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UCA’s Katrena Weathers’ Crusade for Mental Health Awareness

UCA’s Katrena Weathers’ Crusade for Mental Health Awareness

Justin and Katrena

Katrena and her husband Andre

UCA has always been a place where our people feel just as much like family as they do a team. Our very own Katrena Weathers, Medical Assistant to Dr. Eric Brewer, sat down with us to share a personal story about her son’s tragedy and how she is using his legacy as a crusade for mental health and suicide awareness.

Q: Tell us a little bit about yourself.
I am from Birmingham, Alabama and went to Virginia College to get my degree as a medical assistant. I am a Medical Assistant to Dr. Eric Brewer.

I lost my son, Justin, on August 3rd, 2016. It was a typical morning getting ready for school and going to work. When I returned home, I received a call from one of his friends who has been trying to get in touch with Justin. That’s when I went to his room and found him. Justin had taken his own life.

Q: Did you see any signs of mental illness?
I never saw any signs of depression. Justin was a senior in high school and a happy 18-year-old kid full of life. Justin was the type of kid where he liked everything to be lined up. We always enjoyed talking and spending time together. I always encouraged him and told him that no matter what he did in this world, I would always love him and proud of who he was.
But no matter how much I told him I loved him, he was still fighting his own demons that I was unaware of. Laying him to rest was the toughest part. There are some days I feel like this is all a dream, and that I will come home and see him in his room, waiting for me to come in.

Q: Tell us about the book that you are writing.
My sister encouraged me to write a book that could connect with people who may be going through the same thing I am. Whether they’re mourning the loss of a loved one or know someone who is struggling with mental illness, such as depression. I want those suffering from depression to know that they are loved by the people around them. I want them to know that taking your own life is devastating to your friends and family, and it’s not the right way to leave this world.
I want people suffering from depression to know that they are not alone. They always have somebody in the corner who is rooting and cheering for them.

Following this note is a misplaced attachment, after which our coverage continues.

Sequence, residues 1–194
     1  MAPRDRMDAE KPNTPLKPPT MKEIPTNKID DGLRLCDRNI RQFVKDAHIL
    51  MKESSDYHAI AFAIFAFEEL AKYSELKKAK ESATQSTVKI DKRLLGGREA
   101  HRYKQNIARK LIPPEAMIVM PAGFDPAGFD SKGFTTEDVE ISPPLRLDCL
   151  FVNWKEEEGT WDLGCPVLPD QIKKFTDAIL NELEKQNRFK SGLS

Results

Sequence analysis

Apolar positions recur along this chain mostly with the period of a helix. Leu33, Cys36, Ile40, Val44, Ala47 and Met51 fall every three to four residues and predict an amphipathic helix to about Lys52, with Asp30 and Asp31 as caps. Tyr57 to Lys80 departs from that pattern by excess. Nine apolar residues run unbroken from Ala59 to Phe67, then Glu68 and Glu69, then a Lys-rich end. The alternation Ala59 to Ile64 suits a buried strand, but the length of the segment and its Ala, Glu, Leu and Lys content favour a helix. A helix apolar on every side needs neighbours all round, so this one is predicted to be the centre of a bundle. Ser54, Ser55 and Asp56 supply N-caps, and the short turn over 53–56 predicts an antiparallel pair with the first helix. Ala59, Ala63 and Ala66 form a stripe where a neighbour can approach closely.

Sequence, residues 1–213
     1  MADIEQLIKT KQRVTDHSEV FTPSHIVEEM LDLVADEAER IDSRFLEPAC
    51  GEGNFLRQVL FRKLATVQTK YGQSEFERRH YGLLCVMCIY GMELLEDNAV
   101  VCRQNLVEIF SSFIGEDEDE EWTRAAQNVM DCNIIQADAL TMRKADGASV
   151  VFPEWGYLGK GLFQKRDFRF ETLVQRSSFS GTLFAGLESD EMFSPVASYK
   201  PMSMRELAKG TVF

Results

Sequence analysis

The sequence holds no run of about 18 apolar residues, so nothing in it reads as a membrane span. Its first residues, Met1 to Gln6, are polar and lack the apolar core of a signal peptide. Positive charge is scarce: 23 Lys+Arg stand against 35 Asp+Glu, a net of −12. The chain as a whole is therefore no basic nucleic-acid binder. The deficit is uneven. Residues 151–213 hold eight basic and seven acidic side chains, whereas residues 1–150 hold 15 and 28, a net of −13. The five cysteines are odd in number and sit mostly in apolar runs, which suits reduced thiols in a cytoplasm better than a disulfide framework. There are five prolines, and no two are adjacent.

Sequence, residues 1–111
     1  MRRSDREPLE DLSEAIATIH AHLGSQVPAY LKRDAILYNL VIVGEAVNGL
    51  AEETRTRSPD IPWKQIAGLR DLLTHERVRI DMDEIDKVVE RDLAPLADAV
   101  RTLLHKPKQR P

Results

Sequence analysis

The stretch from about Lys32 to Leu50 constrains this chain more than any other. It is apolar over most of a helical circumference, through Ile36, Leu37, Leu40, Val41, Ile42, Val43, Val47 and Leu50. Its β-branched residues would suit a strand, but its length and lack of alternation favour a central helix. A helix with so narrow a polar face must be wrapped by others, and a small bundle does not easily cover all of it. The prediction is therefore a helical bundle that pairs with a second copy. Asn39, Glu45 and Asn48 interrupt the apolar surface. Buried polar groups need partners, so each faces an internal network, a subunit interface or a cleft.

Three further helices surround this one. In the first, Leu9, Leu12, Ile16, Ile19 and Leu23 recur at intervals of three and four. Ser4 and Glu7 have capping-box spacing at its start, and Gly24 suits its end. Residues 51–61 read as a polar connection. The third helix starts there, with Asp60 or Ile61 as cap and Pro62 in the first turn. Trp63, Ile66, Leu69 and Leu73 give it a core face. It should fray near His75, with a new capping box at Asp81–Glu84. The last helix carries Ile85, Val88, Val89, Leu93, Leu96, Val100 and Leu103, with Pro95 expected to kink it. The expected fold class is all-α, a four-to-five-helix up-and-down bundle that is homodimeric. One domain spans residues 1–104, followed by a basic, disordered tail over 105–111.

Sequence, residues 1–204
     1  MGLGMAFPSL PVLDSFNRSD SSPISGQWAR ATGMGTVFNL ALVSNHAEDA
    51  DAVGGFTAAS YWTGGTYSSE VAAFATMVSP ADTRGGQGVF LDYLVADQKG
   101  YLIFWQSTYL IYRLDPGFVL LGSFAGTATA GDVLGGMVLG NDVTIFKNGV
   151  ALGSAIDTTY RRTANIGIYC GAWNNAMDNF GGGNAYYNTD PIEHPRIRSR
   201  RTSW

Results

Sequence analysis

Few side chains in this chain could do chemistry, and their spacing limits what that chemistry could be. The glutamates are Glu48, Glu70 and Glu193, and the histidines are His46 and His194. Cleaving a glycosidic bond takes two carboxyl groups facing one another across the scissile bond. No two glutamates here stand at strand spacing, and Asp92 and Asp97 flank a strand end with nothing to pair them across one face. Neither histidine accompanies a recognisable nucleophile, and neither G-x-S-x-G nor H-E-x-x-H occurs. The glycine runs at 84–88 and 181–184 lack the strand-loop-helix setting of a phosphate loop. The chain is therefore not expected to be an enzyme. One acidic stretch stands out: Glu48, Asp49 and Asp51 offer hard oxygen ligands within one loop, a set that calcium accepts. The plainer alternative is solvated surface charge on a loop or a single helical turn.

The title of the book is going to “My Journey without Justin; A Mother’s Grief Dealing with Depression and Suicide”.  My hope is to have it published by Spring of 2021.

Katrena at the Suicide Prevention balloon release eventQ: What do you personally do to cope with your experience?
Praying gives me the strength to keep going for my husband, my daughter, for my grandkids, my mom, sister, and brother. Also, my other family, which is my coworkers. They show me so much love and so much support. I have to keep going for all of them. Writing my story has given me hope and encouragement to keep Justin’s memory alive, while helping others.

Q: What brought you to want to share your story?
My biggest goal is if I could just help one person, I’ll feel like I’m not just saving that person, but that person’s family and friends from a lot of pain and anguish. It will help me keep driving forward with my journey. Every time I go to the cemetery, I tell Justin that I’m going to keep pushing and let his legacy live on through me.

Q: What type of signs or advice does one need to be aware of?
Knowing that teenagers like to be alone, my advice would be to talk to your kids more, and spend more time with them and make sure they are safe opening up to you. Justin would be up in his room playing video games or on the phone. Sometimes, I would even go in his room with him and just sit there and play games with him. And we would talk. We would always set aside a day that was for us. Every Saturday was Mom and Justin time. We got up early. We went shopping or did whatever he wanted to do. We always ended our day with a Taco Bell Freeze.  It was our special time together.

Always set time aside for your child. When your baby comes to talk to you, be willing to listen, and hear what they have to say. Put down the phone, get away from the computer and just listen because they may be crying out for help.
Just have that door open so they can come talk to you. Kids need someone they can trust and talk to without worrying about being talked about behind their backs. That’s the worst thing that a child could feel.

Keep in mind that suicide rates rise around the holidays, so my advice is also to call the people in your life and check on them. Check on neighbors as well.

Q: How are you bringing mental health to the forefront of your crusade here?
Along with writing my book, I speak to a number of schools around the community. One student approached me after one of my lectures and shared her story about the rocky relationship she has with her mother. She started working on mending the relationship by opening up and talking to her, and today they get along much better.

Every year, the Justin Weathers Foundation participates in the American Foundation for Suicide Prevention Out of Darkness Community Walk. This year it is virtual due to COVID, but the fundraiser will be held online on November 8, 2020, from 2 pm – 3 pm.  Please follow the Justin Weathers Foundation on Facebook .

Q: How can people get more involved with suicide awareness and prevention?
People can volunteer at a suicide hotline. Some people don’t like to talk, so they’ll text instead. People with suicidal thoughts just want to be heard and talk to someone who will listen.

To donate to the American Foundation for Suicide Prevention, click here or visit https://afsp.donordrive.com .











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